Monday, July 7, 2014
Justices Extend Architects’ Liability to Homebuyers
By a MetNews Staff Writer
A “principal” architect on a housing project—one who is not subordinate to other design professionals working on the project—owes a duty of care to the future home buyers, even if the final decisions on construction are made by somebody else, the state Supreme Court ruled Thursday.
Unanimously affirming the judgment of the First District Court of Appeal, the high court said it was error to sustain a demurrer by two architectural firms that whose negligence was an alleged cause of defects that rendered a San Francisco condominium development uninhabitable during the warmer months of the year.
The Beacon Residential Community Association, representing buyers who spent $500,000 to $1 million each to live in a 595-unit condominium complex across from AT&T Park, says design flaws caused “solar heat gain,” cracks and other structural defects, the state Supreme Court ruled Thursday. The defendants, Skidmore, Owings & Merrill LLP and HKS, Inc. are accused of approving substandard windows and a design that lacked adequate ventilation.
A developer hires an architect “in order to rely on the architect’s specialized training, technical expertise, and professional judgment,” Justice Goodwin Liu wrote for the court. The homeowner, on the other hand, “has no architect or professional adviser” and “relies on the skill of the developer and on its implied representation that the house will be reasonably fit for habitation,” Liu said.
Distinguishing cases limiting auditors’ liability to third parties who rely on their opinions, Liu cited the “close connection” between the architects’ role and the injuries alleged by the plaintiffs. While third party investors who claim to have been misled by auditors’ reports may suffer losses for reasons that have little to do with those reports, “the connection between defendants’ unique role as the design professionals on the Project and plaintiff’s damages resulting from negligent design is far more direct and immediate.”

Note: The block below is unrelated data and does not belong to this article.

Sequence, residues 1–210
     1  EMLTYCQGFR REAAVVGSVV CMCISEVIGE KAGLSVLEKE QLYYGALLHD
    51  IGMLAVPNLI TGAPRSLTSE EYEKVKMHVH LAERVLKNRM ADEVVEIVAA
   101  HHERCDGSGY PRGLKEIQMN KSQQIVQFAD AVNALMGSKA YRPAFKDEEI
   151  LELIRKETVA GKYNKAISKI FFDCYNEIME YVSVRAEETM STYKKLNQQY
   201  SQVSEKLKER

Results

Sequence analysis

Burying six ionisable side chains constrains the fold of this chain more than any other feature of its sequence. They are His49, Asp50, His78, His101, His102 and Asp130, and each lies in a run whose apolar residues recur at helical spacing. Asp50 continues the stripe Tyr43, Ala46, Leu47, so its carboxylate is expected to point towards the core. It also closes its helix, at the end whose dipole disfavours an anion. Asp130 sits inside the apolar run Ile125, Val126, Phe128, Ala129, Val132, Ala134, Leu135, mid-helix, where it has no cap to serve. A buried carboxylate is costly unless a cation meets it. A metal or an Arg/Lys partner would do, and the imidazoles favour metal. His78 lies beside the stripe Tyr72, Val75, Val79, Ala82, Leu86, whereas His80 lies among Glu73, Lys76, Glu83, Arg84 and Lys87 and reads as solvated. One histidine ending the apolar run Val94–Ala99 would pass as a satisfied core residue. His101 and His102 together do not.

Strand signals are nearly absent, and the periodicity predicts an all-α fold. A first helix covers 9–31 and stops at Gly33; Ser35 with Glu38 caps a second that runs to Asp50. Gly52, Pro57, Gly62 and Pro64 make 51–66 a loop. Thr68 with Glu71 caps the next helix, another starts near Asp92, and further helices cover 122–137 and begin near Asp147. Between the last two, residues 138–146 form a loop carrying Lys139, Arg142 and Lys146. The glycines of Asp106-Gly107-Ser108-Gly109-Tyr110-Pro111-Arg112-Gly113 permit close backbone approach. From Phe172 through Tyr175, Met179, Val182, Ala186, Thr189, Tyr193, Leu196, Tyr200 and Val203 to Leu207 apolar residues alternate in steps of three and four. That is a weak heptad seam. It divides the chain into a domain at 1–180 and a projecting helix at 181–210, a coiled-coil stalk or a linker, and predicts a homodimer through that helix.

Liu noted that the defendants were paid more than $5 million not merely to design the project but for bringing “their specialized skill and professional judgment throughout the construction process to ensure that it would proceed according to approved designs,” through weekly inspections at the site, monitoring the construction for compliance with the design plans, altering the design as issues arose, and advising the owner to reject work the architects deemed non-conforming.
The justice rejected the argument that the architects should be let off the hook because the developer didn’t sell the units until two years after they were built, by which time the developer was aware of the defects. That argument goes to causation, rather than duty, and may give the defendants an equitable indemnity claim against the developer, Liu said.
“But because the developer’s alleged misdeeds are themselves derivative of defendants’ allegedly negligent conduct, they do not diminish the closeness of the connection between defendants’ conduct and plaintiff’s injury for purposes of determining the existence of a duty of care,” the justice wrote.
The case is Beacon Residential Community Association v. Skidmore, Owings & Merrill LLP, 14 S.O.S. 3404.
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